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Brain research and the social self in a technological culture

Abstract

The paper does not claim to be a novel contribution to any field. It simply opposes claims by philosophers of consciousness—I take Daniel Dennett as an example (though no more than that) that non-conscious robot-like neurons (Dennett’s phrase) can, taken together, add up to an explanation of (even the illusion of) consciousness. To this I oppose G. H. Mead’s so-called social behaviorism. My argument, such as it is, proceeds in well-defined stages: 1. I first introduce the history of anti-reductionism among philosophers, including those of the analytical persuasion, especially among North American philosophers; 2. the “new archaeology” of hominid prehistory is then introduced to show how some eminent archeologists oppose the reductionist view that large brains—deduced from finds of larger and larger skulls—constitute the best explanation we have for the advent of Homo sapiens; 3. the heart of my paper is then a reference to—not a proper summary of—Terence Deacon’s masterful book, The Symbolic Species: The Co-Evolution of Language and the Brain—where the idea of co-evolution of human communication and brain development (along with other physiological traits such as a proper voice box) is put forward as a better—as co-evolutionary—explanation of human symbolic behavior than the standard ones (including Dennett’s); 4. I then make equally brief summaries of confirming evidence of such co-evolution; 5. this is followed by similar summaries of the alleged science of historical linguistics—none of it explaining the beginning, but only the development of human languages in non-reductionist terms; 6. I then introduce Berger and Luckmann’s Social Construction of Reality to make a central claim: that even reductionist science—whether genetic reductionism or brain-studies-based reductionism—is and must be socially constructed; and 7. I conclude with a preference for a Meadian (similar to a Deweyan) social responsibility activism. One note relative to item number 1: I make no claim here to discuss Merleau-Ponty or any other well-known anti-reductionist; this is in answer to one referee of the paper.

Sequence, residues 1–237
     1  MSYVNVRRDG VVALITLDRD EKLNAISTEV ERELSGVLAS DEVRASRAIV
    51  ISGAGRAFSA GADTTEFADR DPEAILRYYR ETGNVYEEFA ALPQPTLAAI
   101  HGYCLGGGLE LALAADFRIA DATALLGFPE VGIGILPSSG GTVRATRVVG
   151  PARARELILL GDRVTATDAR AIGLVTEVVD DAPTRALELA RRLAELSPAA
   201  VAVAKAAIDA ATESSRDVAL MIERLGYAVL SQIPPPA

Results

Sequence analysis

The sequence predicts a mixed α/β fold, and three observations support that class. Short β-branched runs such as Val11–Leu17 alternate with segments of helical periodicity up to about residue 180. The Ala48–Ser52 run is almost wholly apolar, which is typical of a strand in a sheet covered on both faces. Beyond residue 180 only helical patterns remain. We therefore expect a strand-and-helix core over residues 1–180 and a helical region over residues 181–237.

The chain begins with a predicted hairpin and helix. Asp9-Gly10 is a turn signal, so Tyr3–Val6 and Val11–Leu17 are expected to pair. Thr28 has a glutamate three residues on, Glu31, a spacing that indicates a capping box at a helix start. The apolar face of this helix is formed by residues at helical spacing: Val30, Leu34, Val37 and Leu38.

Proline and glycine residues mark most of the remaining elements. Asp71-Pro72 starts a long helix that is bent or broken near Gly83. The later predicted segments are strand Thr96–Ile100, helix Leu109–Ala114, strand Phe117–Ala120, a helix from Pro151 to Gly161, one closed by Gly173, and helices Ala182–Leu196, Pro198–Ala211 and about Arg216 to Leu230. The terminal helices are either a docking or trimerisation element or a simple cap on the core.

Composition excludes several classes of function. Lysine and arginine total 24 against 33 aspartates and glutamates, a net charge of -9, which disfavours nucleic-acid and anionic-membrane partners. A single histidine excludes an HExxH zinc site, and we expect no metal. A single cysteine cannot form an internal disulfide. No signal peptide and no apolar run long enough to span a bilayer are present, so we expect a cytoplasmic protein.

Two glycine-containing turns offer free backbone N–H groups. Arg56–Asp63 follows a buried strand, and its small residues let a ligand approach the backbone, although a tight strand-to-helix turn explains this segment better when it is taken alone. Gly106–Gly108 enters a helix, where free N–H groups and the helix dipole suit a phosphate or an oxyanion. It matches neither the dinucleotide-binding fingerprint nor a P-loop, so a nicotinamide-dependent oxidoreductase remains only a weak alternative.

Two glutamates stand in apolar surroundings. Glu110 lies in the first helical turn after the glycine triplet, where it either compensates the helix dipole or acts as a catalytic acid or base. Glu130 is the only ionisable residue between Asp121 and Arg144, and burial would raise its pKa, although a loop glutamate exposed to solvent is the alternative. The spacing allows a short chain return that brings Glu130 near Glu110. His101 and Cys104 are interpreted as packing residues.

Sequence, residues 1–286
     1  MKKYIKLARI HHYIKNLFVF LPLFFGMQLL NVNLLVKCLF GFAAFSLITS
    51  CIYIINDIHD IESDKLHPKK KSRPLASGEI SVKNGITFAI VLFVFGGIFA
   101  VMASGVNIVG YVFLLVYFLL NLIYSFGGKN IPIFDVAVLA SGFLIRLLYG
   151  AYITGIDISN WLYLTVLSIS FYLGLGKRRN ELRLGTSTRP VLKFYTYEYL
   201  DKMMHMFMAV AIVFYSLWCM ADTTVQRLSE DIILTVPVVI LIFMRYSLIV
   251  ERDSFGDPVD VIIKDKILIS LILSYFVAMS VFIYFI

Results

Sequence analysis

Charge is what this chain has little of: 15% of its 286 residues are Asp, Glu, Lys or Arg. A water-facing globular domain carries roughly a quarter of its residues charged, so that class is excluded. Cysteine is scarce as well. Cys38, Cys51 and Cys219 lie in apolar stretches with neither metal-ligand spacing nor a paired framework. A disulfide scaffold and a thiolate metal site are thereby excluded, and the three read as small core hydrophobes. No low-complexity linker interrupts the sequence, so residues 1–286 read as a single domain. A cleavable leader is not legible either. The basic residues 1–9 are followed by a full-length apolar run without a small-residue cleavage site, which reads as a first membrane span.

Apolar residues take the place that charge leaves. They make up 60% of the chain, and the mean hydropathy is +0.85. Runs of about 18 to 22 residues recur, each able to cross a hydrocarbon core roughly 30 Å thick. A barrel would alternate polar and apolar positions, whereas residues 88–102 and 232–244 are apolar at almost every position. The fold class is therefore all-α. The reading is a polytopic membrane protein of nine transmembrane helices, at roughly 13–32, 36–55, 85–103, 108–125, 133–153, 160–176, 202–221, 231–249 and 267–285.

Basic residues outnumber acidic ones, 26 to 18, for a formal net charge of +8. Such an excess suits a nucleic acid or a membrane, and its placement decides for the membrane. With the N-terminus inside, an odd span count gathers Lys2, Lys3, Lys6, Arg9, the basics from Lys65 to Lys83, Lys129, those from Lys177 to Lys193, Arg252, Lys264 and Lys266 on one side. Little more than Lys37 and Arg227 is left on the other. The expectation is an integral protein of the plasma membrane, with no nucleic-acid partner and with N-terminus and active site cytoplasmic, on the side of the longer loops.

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Correspondence to Paul T. Durbin.

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Durbin, P.T. Brain research and the social self in a technological culture. AI & Soc 32, 253–260 (2017). https://doi.org/10.1007/s00146-015-0609-4

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  • DOI: https://doi.org/10.1007/s00146-015-0609-4

Keywords

  • Brain research
  • Mead
  • Social self
  • Technology
  • Culture